Let him kiss me with the kisses of his mouth-- For your love is better than wine. (Song of Solomon 1:2)

We will be glad and rejoice in you. We will remember your love more than wine. (Song of Solomon 1:4)

How fair is your love, My sister, my spouse! How much better than wine is your love, . . . . (Song of Solomon 4:10)

Eat, O friends! Drink, yes, drink deeply, O beloved ones! (Song of Solomon 5:1)

For a married couple, the love that is better than wine is overwhelming and wonderful, as the Song well illustrates. But outside of marriage, it is an enticing drink for sin. Paul's words of wisdom, “It is good for a man not to touch a woman,” is potent counsel for those who want to be virgins on the day of their wedding.

6 The word for “enraptured” is תִּשְׁגֶּה (tishggeh) in both Proverbs 5:19 & 20. It is used for going “astray” in Proverbs 5:23; 19:27 (“stray”); 28:10. It is the same word for being “led astray” via strong drink in Proverbs 20:1. It is used for those who “have erred through wine” and “erred through intoxicating drink” and who “err in vision” in Isaiah 28:7. It is also used for those who cause a blind person to “wonder off the road” in Deuteronomy 27:18, for “let me not wander from Your commandments (Psalm 119:10), for those “who stray from” God's Word (Psalm 119:21, 118), for sheep who “wondered” (Ezekiel 34:6), for “sins unintentionally” committed (Leviticus 4:13; Numbers 15:22; Ezekiel 45:20), for Saul when he “erred exceedingly” (1 Samuel 26:21), for Job's wanting to know if he had “erred” (Job 6:24; 19:4), and for the “deceived and the deceiver” (Job 12:16; NAS “misled and the misleader”).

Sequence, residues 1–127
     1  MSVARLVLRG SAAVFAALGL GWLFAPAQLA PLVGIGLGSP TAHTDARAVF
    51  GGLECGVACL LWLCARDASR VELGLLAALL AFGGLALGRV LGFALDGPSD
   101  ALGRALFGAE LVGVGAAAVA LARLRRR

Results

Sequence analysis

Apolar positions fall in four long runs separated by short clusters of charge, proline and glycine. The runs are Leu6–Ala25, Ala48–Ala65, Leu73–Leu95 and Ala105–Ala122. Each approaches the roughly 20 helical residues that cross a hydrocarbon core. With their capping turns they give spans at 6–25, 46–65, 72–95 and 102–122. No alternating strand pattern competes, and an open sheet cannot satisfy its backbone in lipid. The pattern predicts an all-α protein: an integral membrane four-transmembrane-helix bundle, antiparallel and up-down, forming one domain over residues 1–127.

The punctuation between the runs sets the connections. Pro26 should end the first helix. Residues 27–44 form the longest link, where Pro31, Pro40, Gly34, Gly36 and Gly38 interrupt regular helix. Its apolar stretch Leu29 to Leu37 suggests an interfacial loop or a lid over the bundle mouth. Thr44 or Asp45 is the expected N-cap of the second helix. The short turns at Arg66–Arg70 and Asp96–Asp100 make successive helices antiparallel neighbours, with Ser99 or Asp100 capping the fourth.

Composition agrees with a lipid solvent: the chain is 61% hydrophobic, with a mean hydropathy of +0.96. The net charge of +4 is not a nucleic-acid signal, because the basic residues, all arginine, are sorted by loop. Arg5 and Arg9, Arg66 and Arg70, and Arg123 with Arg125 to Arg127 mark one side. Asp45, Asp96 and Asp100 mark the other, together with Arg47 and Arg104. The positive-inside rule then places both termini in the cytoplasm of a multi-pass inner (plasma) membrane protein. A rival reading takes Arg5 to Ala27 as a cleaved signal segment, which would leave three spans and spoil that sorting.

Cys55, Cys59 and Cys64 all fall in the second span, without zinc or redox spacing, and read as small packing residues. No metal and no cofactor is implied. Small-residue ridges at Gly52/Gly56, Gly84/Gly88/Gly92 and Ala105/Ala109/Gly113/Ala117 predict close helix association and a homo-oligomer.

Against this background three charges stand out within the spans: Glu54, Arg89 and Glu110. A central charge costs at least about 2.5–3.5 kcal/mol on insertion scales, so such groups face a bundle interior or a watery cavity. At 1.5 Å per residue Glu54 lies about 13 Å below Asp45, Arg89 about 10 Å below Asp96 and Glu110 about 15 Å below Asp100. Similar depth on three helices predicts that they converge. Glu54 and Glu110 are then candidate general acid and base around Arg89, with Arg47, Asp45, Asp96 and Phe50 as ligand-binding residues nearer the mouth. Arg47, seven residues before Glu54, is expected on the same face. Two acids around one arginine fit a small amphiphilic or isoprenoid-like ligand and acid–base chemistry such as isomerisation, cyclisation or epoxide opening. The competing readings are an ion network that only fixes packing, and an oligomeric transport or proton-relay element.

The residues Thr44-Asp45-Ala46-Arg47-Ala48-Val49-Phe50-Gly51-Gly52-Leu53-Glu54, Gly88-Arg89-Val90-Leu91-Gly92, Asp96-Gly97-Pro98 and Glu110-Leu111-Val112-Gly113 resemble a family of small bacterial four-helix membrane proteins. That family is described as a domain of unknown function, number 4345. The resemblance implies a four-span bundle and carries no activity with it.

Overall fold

7 For example, see also Leviticus 18.

8 Believers are clearly the context, not only because the book is addressed to believers (1 Corinthians 1:2), but also, because the church does not dictate to the ungodly how to live (e.g. 1 Corinthians 5:12; Revelation 22:11).

9 KJV “incontinency” - Webster defines incontinence as “failure to restrain sexual appetite” (merriam-webster.com/dictionary/incontinence).

10 ἀκρασίαν (akrasian)

11 KJV “excess”

13 See also Matthew 12:46-50; Mark 3:31-35.

14 See also Proverbs 29:27.